From Sails to Motors: The History of Yachting
How Yachting went from a Necessity to a Lifestyle
As a boating enthusiast like us here at Van Isle Marina, you probably spend a lot of time thinking about boats, looking at boats, and being on boats at every opportunity you can seize. But have you ever wondered how today’s luxury vessels came to be?
What was there before the motorboat grew to become a luxury yacht, which further grew to become a superyacht? If you’re as curious as we were about how, when, and where the yachting lifestyle evolved, read on for our brief guide to the history of yachting.
Not sure what makes a yacht a yacht in the first place? Review our Yacht Sizes, Styles, Types & Categories post as a refresher. In short, a yacht is mainly considered to be any type of sea vessel used strictly for recreational or pleasure purposes like cruising, entertaining, water sports, or fishing. There is a wide variety of sea vessels that are classified as yachts, with the term largely representing any vessel used recreationally that is large enough to have some form of sleeping quarters for overnight trips, as well as a kitchen and bathroom.
Today’s modern luxury yachts have come along way. Let’s take a look at where it all started.
Origin of Yachting
So, where did the term yachting come from? Originally called jachtschips (hunting boats), yachts were invented by the Dutch Navy in the 14th century to catch pirates and thieves quickly in shallower waters where larger ships couldn’t be sailed.
It wasn’t long until wealthy merchants and ship owners began using these smaller and speedier boats to sail out to celebrate their returning merchant ships. Sailing yachts also became popular with royalty, and it quickly became chic to use them for pleasure cruises and inevitably, for racing. English yachting is said to have officially begun when King Charles ll sailed the Mary to Britain following his return from exile in the Netherlands.
A 20 metre (66 foot) craft, the Mary inspired Charles and his brother James, the Duke of York, to construct more yachts and begin racing. They raced for sport for the first time in 1662 on the River Thames on a 100-pound wager.
Yachting Gains Traction
After a while, yachting slowly became fashionable among the wealthy, with the first social Yacht Club (the Water Club) in Cork, Ireland, being established in 1720. It was first used as a coast guard style organization. In the Water Club, races were actually chases, where the fleet of vessels “raced” to catch a nonexistent enemy—a nod to the yachts’ original crime-fighting purpose.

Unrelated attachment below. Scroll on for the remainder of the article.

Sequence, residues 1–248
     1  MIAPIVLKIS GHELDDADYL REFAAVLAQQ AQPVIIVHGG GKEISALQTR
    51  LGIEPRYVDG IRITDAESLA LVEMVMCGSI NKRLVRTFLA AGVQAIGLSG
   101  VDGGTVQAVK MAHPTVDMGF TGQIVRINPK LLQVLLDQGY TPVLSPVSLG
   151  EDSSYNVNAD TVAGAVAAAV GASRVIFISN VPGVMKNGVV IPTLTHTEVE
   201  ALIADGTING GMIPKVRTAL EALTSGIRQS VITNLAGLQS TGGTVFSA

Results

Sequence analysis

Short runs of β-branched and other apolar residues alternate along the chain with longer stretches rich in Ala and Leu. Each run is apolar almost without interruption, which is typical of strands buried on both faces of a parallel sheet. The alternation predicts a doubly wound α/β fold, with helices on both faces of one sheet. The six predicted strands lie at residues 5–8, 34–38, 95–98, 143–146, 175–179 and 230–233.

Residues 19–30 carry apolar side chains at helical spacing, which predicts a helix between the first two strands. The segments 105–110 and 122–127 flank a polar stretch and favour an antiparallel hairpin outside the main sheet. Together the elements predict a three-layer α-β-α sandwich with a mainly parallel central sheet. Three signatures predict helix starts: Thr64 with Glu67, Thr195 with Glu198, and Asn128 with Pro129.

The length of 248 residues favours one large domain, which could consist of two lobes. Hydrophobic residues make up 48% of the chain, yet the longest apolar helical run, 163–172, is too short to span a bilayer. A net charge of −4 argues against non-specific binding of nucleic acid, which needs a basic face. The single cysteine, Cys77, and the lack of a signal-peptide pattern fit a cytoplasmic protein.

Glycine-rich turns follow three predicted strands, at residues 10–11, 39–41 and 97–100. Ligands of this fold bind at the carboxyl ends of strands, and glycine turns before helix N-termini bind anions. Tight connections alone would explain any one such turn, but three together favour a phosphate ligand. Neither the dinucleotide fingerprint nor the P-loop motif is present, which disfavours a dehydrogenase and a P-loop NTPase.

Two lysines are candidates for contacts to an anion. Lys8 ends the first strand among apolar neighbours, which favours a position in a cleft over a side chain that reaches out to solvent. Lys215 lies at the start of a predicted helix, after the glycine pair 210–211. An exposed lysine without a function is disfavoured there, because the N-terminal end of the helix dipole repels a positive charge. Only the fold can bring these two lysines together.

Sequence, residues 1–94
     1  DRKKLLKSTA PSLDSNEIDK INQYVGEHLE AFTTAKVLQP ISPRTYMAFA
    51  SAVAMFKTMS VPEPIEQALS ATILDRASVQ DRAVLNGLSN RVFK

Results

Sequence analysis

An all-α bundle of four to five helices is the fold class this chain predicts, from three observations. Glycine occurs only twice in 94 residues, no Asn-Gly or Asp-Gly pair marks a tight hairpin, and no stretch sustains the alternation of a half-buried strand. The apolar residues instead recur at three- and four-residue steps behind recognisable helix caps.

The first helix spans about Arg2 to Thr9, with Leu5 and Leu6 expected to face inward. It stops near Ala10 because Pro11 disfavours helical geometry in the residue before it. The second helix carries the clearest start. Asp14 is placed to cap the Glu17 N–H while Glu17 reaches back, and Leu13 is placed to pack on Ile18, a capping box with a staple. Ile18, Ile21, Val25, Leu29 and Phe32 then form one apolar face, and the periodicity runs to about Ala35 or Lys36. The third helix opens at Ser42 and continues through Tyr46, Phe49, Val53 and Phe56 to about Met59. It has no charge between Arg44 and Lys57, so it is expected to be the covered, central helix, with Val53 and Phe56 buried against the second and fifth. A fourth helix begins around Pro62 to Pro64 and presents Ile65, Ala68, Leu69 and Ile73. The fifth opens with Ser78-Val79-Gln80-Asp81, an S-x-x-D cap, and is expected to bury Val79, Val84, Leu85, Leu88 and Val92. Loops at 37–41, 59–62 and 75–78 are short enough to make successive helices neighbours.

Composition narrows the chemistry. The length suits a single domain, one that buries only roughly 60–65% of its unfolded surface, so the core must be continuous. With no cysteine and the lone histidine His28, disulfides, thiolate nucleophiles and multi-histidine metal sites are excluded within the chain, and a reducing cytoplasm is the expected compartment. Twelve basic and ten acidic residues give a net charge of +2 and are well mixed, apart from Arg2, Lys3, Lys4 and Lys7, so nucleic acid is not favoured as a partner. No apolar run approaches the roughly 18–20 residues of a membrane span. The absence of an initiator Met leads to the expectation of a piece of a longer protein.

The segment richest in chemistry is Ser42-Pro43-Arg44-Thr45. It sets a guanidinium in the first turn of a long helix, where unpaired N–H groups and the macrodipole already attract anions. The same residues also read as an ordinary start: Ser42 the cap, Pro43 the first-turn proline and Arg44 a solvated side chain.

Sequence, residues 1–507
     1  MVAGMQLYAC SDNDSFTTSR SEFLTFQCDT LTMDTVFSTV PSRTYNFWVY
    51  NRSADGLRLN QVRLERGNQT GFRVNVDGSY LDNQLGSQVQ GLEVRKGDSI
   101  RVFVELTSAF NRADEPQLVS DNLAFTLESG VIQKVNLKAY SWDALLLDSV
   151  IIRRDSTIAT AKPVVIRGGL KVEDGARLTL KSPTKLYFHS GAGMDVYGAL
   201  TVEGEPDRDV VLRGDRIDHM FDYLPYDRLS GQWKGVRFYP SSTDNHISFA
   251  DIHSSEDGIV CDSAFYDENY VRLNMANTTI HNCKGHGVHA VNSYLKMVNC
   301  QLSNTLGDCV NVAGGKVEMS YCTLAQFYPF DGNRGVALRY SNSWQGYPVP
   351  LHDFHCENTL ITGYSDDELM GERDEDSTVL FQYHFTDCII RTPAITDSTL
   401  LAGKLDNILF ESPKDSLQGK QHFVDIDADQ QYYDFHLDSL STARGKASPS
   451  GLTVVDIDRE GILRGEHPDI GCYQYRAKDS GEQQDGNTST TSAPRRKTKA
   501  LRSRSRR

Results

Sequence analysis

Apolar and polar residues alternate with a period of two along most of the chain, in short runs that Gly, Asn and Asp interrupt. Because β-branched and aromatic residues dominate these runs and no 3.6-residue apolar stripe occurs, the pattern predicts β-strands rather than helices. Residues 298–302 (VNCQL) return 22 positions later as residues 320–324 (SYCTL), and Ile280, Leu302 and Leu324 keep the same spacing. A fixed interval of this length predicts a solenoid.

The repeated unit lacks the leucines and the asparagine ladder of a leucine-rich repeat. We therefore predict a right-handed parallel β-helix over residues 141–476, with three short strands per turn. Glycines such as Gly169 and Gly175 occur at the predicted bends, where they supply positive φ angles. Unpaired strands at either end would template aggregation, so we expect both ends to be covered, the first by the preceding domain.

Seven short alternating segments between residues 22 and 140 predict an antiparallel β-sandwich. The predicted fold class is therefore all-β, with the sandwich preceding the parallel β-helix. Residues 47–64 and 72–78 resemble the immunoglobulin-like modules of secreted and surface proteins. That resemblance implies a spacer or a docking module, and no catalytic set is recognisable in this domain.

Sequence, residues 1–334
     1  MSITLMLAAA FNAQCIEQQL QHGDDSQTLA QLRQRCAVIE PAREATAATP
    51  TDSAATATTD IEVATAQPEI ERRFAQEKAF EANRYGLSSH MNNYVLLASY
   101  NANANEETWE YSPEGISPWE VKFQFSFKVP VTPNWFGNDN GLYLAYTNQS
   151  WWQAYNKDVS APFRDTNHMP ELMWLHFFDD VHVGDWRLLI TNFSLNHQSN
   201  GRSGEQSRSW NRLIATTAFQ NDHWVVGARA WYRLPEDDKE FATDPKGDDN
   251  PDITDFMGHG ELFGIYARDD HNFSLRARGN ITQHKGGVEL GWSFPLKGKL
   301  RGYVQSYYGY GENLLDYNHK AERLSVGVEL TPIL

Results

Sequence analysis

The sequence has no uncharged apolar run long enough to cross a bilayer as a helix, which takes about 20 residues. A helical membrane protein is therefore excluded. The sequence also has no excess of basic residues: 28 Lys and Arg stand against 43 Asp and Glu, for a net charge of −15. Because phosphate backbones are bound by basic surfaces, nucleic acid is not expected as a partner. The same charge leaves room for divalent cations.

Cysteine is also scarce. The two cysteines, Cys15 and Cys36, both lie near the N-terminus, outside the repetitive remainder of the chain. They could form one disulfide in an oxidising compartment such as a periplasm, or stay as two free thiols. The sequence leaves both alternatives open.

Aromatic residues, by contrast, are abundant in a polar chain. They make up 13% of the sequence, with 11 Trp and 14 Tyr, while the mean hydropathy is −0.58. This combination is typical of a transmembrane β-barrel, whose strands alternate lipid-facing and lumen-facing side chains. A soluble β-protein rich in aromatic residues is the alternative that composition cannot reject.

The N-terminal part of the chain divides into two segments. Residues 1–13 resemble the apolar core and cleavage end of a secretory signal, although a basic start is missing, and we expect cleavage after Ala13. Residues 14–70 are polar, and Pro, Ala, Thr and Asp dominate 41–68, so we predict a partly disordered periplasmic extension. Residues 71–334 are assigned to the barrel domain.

Meanwhile, the first yachts used in the North American colonies were typically Pilot Schooners – fast sailing vessels with tall masts and long, slender hulls. They were capable of reaching speeds up to 20 knots, as opposed to the 5-6 knots reached by other crafts.
These Pilot Schooners were designed to guide the cargo-carrying Clippers to safe harbour, and in order for the crew to make a living guiding cargo ships to shore, they had to be the fastest.
The New York Yacht Club (NYYC) began in 1844 and the first racing schooner, the 30.78 metre America sailed across the Atlantic. She was turned down from the races in England, but joined in a race around the Isle of Wight with 14 yachts from the Royal Yacht Squadron, winning the Hundred Guinea Cup, known today as America’s Cup. Using this new design, the NYYC won the cup every year, from 1870-1983.
Yachts Get Bigger and Faster
After 1850, when steam-powered and internal combustion engines began to replace sails as the main power source, larger yachts and paddle wheel boats were developed as pleasure craft for long-distance cruising. By the second half of the 20th century, the majority of yachts relied on internal combustion engines (motor yachts), having moved away from using sails as auxiliary power.
Governance of the Yachting Industry
In 1907, yacht racing had caught on to the point where a governing body was required to create a universal set of rules and regulations for the sport since each country and region had their own set of rules—leading to much confusion. And so the International Yacht Racing Union (IYRU) was created in Paris. It was later renamed to the International Sailing Federation in 1996. Around this time, international racing really took off, splitting yachting into the two main factions we see today—racing and cruising.
Today, the yacht has continued to develop with advances in technology and materials depending on the intended use – from long-range cruising, to fishing and watersports, to being used as a home away from home. Although wooden boat purists will still insist on a wooden hull, the vast majority of today’s hulls are created from much lighter materials like fibreglass, and designs vary according to the make and model of the vessel.
Among other advances are the multihull design (catamaran/trimaran) and special features such as computer controlled winches on sailing yachts, an auxiliary engine to power the alternator, wind, water, and solar powered generators, GPS systems, radar, electricity, tender storage, joystick steering, and much more.
On top of these features, today’s luxury yachts have endless amounts of finishing touches that we are sure would have impressed the original yachtsmen, including leather interiors, teak decking, laundry machines, kitchen appliances, and the list goes on.
Whether you’re interested in a classic motor yacht, flybridge, a larger luxury rig, or something in between for your yachting lifestyle, come visit us at Van Isle Marina where we offer a wide range of new and used models as well as a fully secure maintenance and storage facility.